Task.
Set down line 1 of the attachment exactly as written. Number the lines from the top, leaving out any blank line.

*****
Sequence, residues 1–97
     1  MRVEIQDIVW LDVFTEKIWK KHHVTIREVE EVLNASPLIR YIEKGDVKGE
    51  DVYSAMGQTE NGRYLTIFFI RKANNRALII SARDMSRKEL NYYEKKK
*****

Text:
Sequence, residues 1–97